SCV man, an online matchmaker for Trump supporters
By Austin Dave
Wednesday, December 28th, 2016

Seated aside the crackling fireplace with his laptop open, Santa Clarita resident Dave Goss is at work.

Above the roaring fireplace, a bobblehead figure takes space on his mantel. Flanked by an American flag and photos of the man and his wife Tanya, the plastic caricature is of the President-elect of the United States — Donald J. Trump.

Goss, a staunch Republican, is playing virtual matchmaker.

Austin Dave/The Signal Santa Clarita resident Dave Goss sits in a chair during a Signal interview.
Austin Dave/The Signal
Santa Clarita resident Dave Goss sits in a chair during a Signal interview.

“With today’s divisiveness, dating has become hard for people,” Goss said.

The man, who doesn’t consider himself a modern-day Cupid by any means, explained how couples often enjoy their first couple of dates before a political bombshell is dropped.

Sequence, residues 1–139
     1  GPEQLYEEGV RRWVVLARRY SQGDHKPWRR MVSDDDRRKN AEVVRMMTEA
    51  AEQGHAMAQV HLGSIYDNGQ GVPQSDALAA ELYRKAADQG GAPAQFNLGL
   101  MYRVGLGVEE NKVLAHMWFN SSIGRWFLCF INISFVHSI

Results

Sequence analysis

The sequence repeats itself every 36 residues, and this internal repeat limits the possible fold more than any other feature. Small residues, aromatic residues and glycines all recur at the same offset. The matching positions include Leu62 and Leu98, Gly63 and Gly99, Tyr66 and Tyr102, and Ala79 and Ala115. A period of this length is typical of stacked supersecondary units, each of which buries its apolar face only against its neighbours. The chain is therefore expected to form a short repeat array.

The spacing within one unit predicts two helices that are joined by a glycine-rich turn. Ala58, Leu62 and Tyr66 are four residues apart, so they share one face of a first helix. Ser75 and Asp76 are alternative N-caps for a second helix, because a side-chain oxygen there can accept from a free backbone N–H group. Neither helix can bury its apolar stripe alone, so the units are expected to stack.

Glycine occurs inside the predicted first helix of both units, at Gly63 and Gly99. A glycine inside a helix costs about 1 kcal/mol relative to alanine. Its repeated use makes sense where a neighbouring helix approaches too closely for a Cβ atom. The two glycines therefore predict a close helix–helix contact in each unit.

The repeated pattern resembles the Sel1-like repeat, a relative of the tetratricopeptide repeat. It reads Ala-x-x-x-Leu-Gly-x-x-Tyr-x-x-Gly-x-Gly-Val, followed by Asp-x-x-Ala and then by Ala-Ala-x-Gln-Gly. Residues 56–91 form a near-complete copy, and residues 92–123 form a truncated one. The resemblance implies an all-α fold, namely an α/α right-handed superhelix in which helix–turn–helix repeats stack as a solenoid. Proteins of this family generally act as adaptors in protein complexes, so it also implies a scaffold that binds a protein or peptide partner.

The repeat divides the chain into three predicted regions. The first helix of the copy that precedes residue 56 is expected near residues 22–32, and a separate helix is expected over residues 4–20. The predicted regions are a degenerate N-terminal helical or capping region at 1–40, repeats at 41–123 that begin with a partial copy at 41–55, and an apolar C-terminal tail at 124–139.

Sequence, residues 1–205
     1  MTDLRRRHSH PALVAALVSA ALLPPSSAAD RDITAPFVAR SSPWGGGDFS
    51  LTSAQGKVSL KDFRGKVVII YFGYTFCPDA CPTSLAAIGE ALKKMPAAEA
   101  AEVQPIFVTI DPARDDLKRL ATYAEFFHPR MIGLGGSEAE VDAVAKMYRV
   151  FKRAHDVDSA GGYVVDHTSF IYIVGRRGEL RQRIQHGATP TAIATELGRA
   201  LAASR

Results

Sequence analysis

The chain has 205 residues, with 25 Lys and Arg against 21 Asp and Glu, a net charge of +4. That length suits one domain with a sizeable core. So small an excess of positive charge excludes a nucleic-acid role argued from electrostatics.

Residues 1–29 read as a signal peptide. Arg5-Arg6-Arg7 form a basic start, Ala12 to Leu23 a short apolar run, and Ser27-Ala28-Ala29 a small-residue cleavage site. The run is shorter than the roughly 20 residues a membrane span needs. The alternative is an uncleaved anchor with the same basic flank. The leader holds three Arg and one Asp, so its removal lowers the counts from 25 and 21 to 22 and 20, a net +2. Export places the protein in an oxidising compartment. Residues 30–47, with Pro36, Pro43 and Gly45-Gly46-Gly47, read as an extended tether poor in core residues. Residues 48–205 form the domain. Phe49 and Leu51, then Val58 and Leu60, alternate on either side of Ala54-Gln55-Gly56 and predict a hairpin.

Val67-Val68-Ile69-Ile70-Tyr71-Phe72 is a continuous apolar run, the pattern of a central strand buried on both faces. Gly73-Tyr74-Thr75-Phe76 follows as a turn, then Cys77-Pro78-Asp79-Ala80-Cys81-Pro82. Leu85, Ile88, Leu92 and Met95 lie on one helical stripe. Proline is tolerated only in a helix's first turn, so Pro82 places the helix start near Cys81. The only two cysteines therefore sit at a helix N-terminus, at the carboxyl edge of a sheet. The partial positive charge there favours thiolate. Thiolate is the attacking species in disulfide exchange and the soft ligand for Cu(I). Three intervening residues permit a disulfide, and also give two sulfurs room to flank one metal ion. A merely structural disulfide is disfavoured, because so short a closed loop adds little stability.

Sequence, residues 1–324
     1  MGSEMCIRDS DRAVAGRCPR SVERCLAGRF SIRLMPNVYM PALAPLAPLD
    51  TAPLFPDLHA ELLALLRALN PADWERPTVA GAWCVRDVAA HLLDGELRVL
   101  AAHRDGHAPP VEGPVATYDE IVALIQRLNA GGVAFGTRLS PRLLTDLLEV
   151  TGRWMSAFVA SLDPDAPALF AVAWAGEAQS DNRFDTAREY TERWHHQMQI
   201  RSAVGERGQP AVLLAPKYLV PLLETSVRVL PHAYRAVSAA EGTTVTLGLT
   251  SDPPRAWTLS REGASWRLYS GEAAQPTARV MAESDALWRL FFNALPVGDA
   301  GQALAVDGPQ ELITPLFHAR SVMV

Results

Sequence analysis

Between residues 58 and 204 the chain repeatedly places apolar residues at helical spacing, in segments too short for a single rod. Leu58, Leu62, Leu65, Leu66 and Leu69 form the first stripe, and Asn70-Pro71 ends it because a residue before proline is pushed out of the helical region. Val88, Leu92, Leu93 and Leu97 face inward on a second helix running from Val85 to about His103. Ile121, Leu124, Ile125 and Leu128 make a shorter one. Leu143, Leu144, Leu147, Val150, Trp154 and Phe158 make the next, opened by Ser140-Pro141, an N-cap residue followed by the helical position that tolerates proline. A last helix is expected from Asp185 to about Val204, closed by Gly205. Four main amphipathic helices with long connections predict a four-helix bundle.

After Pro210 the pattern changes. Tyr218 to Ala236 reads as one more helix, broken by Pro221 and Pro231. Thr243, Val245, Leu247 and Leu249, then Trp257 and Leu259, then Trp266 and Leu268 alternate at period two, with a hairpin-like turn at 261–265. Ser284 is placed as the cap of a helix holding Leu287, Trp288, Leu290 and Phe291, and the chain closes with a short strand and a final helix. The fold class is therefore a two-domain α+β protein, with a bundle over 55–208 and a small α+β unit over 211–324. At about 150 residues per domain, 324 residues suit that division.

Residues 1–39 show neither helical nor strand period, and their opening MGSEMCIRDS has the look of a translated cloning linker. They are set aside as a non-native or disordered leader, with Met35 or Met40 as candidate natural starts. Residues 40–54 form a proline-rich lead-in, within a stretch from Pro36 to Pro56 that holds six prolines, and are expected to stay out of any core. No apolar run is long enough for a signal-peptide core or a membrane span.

“One of them will say, ‘Oh, I’m voting Hillary or I’m voting Democrat,’” Goss said.

“The other person will say ‘I’m voting Trump or I’m voting Republican.’”

At this point, the relationship kicks the bucket.

Goss decided to remove that mysterious political element out of the mix and hypothesized a dating website for like-minded singles who share the same ideals and values — and those who express presidential support for Trump.

He bought the domain TrumpSingles.com and, over a rousing game of darts, floated the idea for a dating website to a friend.

Several months later, the website launched.

“We actually give you a better chance of a meaningful relationship,” Goss said.

The first few months, the site saw a modest user base. A few weeks later, everything changed.

On June 10, Goss’ smartphone buzzed and a New York-area phone number came up. It was the New York Post.

The Trump fan admitted his team was severely unprepared for the influx of attention their site received.

“It was bigger than anything we had expected,” Goss said.

“All of a sudden we had big publications like Time Magazine calling us to do interviews.”